Disputing late payments, regardless of their accuracy, and having them removed can often have a positive impact on your credit scores. I recommend that borrowers only dispute late payments on closed accounts where the late payment is 24 months or older. Credit bureaus are required by The Fair Credit Reporting Act (Sec. 1681) to remove any disputed data within 30 days that is unverifiable. It is often difficult to verify information with a creditor you no longer have an account with on closed accounts older than 24 months.

You can dispute late payments and unauthorized inquiries online through each of the credit bureaus website’s. However, I prefer to utilize a dispute letter with the appropriate information and delivery confirmation of receipt. Third-party credit repair companies often utilize the online dispute form more frequently and do not seem to see the same amount of success in removing data as a mailed dispute letter.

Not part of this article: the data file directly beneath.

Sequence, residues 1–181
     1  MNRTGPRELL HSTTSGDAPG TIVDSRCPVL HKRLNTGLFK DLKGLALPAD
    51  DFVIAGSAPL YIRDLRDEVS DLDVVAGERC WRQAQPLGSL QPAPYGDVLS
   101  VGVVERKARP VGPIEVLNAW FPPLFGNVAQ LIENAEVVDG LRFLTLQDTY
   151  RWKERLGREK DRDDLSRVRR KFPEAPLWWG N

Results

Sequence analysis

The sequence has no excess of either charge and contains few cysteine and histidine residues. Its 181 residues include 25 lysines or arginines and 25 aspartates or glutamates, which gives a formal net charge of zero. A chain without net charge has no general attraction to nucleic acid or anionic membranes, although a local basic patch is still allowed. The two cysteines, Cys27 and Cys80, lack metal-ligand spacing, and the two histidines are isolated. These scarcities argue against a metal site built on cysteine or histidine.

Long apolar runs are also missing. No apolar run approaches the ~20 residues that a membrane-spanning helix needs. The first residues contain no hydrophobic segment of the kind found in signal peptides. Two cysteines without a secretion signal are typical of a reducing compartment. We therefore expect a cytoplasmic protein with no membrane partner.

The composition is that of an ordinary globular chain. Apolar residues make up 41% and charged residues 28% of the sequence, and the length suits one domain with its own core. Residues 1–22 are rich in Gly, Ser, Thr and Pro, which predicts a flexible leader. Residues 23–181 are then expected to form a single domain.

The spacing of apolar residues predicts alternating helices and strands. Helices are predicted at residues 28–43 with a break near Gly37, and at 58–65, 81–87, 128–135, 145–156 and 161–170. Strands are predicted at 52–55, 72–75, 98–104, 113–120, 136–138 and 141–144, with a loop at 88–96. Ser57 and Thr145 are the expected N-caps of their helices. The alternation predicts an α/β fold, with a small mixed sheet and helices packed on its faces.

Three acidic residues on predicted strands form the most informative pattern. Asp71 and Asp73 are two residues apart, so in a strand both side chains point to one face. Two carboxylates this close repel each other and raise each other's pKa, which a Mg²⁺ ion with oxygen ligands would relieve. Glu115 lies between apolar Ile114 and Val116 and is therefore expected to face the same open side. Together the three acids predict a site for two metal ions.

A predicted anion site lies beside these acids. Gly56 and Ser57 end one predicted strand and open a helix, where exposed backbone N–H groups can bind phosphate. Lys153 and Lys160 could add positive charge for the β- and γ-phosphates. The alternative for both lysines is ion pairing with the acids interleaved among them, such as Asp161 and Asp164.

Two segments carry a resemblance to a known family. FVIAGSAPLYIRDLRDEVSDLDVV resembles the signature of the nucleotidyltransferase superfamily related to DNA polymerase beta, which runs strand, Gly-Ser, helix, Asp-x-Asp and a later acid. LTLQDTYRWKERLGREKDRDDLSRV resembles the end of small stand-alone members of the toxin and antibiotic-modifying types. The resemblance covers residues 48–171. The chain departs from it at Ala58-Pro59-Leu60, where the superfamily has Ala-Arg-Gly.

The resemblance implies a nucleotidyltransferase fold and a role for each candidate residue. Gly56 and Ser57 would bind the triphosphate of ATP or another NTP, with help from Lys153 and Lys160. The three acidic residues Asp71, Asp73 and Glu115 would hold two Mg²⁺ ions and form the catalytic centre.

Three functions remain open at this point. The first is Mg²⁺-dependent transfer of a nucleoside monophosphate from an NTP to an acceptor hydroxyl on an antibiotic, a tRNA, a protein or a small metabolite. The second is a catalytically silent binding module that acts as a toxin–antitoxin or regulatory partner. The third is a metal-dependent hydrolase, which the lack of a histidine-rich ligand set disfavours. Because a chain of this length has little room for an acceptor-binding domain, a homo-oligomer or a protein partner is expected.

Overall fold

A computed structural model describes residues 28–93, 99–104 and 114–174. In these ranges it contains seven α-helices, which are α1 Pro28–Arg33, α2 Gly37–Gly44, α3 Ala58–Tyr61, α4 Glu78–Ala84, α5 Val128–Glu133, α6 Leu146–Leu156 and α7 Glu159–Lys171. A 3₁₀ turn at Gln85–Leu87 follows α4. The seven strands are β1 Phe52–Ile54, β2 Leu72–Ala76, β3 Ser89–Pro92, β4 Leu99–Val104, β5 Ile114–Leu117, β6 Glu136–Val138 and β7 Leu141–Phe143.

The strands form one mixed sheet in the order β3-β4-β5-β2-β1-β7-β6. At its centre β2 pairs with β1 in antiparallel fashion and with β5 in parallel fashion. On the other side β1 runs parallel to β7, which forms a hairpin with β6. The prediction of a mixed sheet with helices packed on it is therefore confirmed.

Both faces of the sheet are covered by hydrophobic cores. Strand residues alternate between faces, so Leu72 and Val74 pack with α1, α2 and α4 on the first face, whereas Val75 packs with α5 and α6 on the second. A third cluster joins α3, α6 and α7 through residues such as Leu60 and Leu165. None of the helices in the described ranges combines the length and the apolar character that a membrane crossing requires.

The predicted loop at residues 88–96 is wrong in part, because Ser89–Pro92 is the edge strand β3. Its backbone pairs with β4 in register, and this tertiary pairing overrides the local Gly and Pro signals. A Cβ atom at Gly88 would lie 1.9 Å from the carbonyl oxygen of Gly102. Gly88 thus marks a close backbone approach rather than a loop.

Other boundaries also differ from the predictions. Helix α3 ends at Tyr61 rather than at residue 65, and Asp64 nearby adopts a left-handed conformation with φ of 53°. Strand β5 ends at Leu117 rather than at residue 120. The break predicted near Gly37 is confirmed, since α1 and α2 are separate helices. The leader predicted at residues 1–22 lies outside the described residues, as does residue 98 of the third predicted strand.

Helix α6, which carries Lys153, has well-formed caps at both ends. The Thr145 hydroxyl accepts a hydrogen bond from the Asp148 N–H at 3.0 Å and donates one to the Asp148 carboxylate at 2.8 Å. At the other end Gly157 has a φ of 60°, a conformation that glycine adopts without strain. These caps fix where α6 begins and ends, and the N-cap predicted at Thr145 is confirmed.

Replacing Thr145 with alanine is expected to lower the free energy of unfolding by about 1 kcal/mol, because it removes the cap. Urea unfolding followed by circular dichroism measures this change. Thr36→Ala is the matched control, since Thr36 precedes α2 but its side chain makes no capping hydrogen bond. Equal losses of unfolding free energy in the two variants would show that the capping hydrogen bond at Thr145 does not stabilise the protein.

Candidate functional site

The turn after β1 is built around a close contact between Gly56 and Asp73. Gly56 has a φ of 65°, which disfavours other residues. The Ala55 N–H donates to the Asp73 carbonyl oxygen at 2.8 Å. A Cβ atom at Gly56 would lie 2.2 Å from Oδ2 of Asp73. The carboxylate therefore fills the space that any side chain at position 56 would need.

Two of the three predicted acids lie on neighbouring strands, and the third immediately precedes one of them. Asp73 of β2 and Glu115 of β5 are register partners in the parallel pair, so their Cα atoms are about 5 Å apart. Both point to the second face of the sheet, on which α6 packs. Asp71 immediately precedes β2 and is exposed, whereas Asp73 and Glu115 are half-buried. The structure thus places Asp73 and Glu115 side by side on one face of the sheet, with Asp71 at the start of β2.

Make A Plan to Fix Up Credit to Buy A Home

To fix up credit to buy a home, it is best to make a plan and take action. Utilizing some or all of the tips above can have a positive impact on your credit scores depending on your individual circumstances. I have seen borrowers see credit score improvements in less than two months. In some cases, results can even be almost immediately utilizing some of the tools and resources that I have available.

If you would rather seek the help of a loan professional and utilize all of the resources available to take decisive action on preparing yourself to qualify for a home loan, please contact me through my website or the phone number given. There will be some documentation requirements for your income, but I can make clear instructions available to fix up credit to buy a home within 48 hours.

I enjoy sharing my experience gained originating mortgage loans since 2003. When not helping borrowers with their mortgage needs, I enjoying spending time with family and friends. You can learn more about me here.